Featuring some of the greatest talent in football over the years, there have been many incredible moments in the 14 UEFA European Championships from 1960 until now.

Here, we take a look at 10 of the most memorable.

France do le double (Euro 2000)

After winning the World Cup in 1998, France went into Euro 2000 as hot favourites. Propelled by the mighty Zinedine Zidane, Les Bleus dominated the tournament.

Yet France almost gave it all away in the final against Italy. In what was undoubtedly the game of the tournament, France trailed 1-0 until injury time.

Sylvain Wiltord levelled the scores with virtually the last kick of the match to take it into extra-time. David Trezeguet then scored the winning golden goal to cement France’s reputation as the best in the world.

Greece win the tournament (Euro 2004)

Going into Euro 2004, nobody thought Greece had a chance of lifting the trophy.

They beat hosts Portugal in their opening game, before overcoming reigning champions France in the quarter-final, and the hotly-tipped Czech Republic in the semis, meeting Portugal again in the final.

Portugal failed to avenge their earlier loss and succumbed 1-0 to Greece in what is surely the most unlikely tournament win in recent football history.

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Platini dominates (Euro 1984)

No one player has dominated a European Championship the way Michel Platini did on home soil in 1984. Platini scored two hat-tricks against Belgium and Yugoslavia en route to netting a total of nine goals as skipper of the French team.

Perhaps the highlight of what was really Platini’s tournament was the game against Portugal in the semi-final.

During this match, the resilient French were able to claw their way back 2-1 down to win 3-2. This was largely thanks to their inspirational captain, who also scored the late winner.

Marco van Basten’s wonder goal (Euro 1988)

Marco van Basten was the complete striker and very much of the Johann Cruyff school of “Total Football”. Despite the fact that his career was cut short by injury, he still managed to make his mark at Euro 1988.

There were many wonderful van Basten moments during this tournament. Yet, the 24-year-old left the best ‘til last in a 2-0 victory over Russia in the final, picking up Arnold Mühren’s cross from the left.

Although the pass was too high, van Basten volleyed it in from a seemingly impossible angle to score the winner, cementing the Netherlands’ place in European football history.

Denmark win the tournament without qualifying (Euro 1992)

Denmark didn’t actually qualify for the Euro 1992 finals in Sweden. As civil war prevented Yugoslavia from appearing, Denmark duly entered the tournament as replacements.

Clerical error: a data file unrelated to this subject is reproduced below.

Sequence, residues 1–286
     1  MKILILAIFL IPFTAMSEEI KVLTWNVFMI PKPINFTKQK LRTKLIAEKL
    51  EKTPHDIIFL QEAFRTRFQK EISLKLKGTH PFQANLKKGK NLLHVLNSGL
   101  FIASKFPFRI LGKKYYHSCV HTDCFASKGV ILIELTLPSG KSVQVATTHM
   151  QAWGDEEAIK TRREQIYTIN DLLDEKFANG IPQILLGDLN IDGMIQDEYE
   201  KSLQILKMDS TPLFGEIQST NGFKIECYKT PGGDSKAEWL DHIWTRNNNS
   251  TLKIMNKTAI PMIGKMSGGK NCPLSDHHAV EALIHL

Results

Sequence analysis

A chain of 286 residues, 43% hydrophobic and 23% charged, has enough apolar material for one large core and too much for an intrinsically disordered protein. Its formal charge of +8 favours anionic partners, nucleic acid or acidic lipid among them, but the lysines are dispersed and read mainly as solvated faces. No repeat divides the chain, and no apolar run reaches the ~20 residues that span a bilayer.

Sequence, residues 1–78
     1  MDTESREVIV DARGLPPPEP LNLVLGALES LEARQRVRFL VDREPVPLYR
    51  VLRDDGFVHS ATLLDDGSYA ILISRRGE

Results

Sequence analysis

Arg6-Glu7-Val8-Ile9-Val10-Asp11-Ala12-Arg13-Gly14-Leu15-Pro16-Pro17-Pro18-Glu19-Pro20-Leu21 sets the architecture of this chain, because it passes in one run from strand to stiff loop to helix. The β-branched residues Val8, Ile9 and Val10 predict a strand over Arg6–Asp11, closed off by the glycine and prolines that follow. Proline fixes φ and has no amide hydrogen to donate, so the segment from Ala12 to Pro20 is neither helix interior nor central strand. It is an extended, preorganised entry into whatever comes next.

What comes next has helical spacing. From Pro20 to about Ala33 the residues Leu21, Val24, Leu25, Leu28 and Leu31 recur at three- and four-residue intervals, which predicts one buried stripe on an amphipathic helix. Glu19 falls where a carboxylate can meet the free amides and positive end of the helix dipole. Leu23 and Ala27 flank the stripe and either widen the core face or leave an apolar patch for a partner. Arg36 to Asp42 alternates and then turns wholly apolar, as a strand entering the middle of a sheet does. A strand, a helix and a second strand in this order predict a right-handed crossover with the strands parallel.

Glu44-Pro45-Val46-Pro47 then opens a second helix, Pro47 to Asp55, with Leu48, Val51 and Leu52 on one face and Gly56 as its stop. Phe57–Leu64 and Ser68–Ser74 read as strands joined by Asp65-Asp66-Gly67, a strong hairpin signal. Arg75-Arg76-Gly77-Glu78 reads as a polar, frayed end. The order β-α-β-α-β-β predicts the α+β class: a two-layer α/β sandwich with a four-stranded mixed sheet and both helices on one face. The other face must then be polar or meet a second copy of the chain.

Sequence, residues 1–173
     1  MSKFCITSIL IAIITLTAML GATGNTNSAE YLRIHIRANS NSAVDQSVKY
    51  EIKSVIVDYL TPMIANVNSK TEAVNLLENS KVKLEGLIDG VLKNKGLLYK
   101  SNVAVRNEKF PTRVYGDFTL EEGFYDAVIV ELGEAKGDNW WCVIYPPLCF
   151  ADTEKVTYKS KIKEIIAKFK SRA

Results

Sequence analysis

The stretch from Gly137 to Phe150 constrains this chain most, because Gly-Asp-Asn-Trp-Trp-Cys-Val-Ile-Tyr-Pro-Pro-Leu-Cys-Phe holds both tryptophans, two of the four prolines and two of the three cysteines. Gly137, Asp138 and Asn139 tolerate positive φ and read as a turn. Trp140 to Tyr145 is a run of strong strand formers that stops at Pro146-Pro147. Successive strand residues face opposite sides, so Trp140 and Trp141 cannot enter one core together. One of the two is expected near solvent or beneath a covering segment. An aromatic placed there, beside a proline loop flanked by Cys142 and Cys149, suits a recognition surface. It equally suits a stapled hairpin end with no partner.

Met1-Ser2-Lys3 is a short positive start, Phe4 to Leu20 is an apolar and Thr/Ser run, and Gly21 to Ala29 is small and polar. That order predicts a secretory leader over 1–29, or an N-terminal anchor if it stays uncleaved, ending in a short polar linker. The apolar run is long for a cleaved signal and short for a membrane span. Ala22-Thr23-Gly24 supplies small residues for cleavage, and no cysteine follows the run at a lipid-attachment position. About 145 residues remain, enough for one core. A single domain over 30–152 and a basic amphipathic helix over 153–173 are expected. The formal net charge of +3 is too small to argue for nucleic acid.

Despite a complete lack of preparation, the Danes managed to scrape their way to the semi-finals after beating France.

In the semi-finals, they beat holders Holland on penalties before a shock 2-0 win over Germany in the final. It just goes to show that in football, anything can happen.

Germany’s Golden Goal (Euro 96)

When Patrik Berger scored a penalty for the Czech Republic in the Euro 96 final, his team looked on course to repeat their 1976 victory – however, this wasn’t to be.

In the 75th minute, Oliver Bierhoff scored the equaliser for Germany. The same player then made history in extra-time with the first-ever Golden Goal in a major tournament.

Gazza’s wonder goal (Euro 96)

England was awash with football fever in Euro ’96, hosting its first major tournament since the 1966 World Cup. England reached the semi-finals, where they outplayed Germany for most of the match before losing on penalties (but let’s not dwell on that).

Arguably the highlight of the entire tournament was a brilliant individual goal from Paul Gascoigne in England’s 2-0 win against Scotland.

Alan Mullery is sent off (Euro 1968)

Alan Mullery has the dubious honour of being the ever first player to be sent off in an England shirt. This happened during a tense 1968 semi-final against Yugoslavia.

At one point, Yugoslav player Dobrivoje Trivić tore the skin of Mullery’s calf muscle with his studs. The Englishman retaliated by kicking his opponent in the groin, before the ref promptly sent him off.

Spain win third major tournament in a row (Euro 2012)

If Spain’s supremacy in world football was ever in doubt after their Euro 2008 and 2010 World Cup victories, then their win in Euro 2012 helped to dispel any misgivings.

Despite using a style of play roundly criticised as “boring”, Spain made their way to the final with ease. In the final match, Spain got the better of a worn-out Italian side as they claimed their win with a decisive four goals to nil.

Here, Spain made history by becoming the first team to win back-to-back Euros. They also became the first European national squad to win three major tournaments in a row.

Panenka’s penalty win against West Germany (Euro 1976)

The two favourites in Euro ‘76 were West Germany and the Netherlands. The two nations had contested the 1974 World Cup final and were tipped for a repeat showdown two years later.

However, Czechoslovakia overcame the Dutch in their semi-final, before beating West Germany on penalties after a 2-2 draw in the final.

In what is Germany’s only penalty loss to date, Uli Hoeneß missed one for Germany. Czech Antonín Panenka then sunk the Germans and claimed the trophy with one of the cheekiest spot-kicks in football history.

There have been so many great moments in the Euros, and we have no doubt that future tournaments will include more thrills and shockers that will make the history books.

Between incredible underdog stories and demonstrations of unbelievable skill, the finest moments of the Euros are ones we will all remember for years to come.

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